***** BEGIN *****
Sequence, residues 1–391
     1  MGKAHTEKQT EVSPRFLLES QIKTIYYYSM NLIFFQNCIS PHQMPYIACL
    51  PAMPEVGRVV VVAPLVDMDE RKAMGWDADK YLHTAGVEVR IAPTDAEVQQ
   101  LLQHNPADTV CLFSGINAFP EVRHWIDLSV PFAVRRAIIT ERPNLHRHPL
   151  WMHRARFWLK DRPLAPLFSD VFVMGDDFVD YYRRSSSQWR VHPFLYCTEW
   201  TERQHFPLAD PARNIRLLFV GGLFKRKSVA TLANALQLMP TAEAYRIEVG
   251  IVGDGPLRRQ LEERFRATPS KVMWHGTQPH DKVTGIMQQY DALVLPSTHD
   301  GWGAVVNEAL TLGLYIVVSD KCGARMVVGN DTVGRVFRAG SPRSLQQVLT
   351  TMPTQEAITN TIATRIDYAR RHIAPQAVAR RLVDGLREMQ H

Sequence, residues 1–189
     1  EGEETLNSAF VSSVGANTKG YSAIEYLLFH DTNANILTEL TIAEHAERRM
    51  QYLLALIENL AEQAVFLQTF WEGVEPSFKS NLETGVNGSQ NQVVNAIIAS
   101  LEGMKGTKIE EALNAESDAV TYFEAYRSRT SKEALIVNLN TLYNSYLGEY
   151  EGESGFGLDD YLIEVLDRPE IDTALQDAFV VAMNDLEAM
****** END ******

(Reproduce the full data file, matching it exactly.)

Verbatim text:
Sequence, residues 1–391
     1  MGKAHTEKQT EVSPRFLLES QIKTIYYYSM NLIFFQNCIS PHQMPYIACL
    51  PAMPEVGRVV VVAPLVDMDE RKAMGWDADK YLHTAGVEVR IAPTDAEVQQ
   101  LLQHNPADTV CLFSGINAFP EVRHWIDLSV PFAVRRAIIT ERPNLHRHPL
   151  WMHRARFWLK DRPLAPLFSD VFVMGDDFVD YYRRSSSQWR VHPFLYCTEW
   201  TERQHFPLAD PARNIRLLFV GGLFKRKSVA TLANALQLMP TAEAYRIEVG
   251  IVGDGPLRRQ LEERFRATPS KVMWHGTQPH DKVTGIMQQY DALVLPSTHD
   301  GWGAVVNEAL TLGLYIVVSD KCGARMVVGN DTVGRVFRAG SPRSLQQVLT
   351  TMPTQEAITN TIATRIDYAR RHIAPQAVAR RLVDGLREMQ H

Sequence, residues 1–189
     1  EGEETLNSAF VSSVGANTKG YSAIEYLLFH DTNANILTEL TIAEHAERRM
    51  QYLLALIENL AEQAVFLQTF WEGVEPSFKS NLETGVNGSQ NQVVNAIIAS
   101  LEGMKGTKIE EALNAESDAV TYFEAYRSRT SKEALIVNLN TLYNSYLGEY
   151  EGESGFGLDD YLIEVLDRPE IDTALQDAFV VAMNDLEAM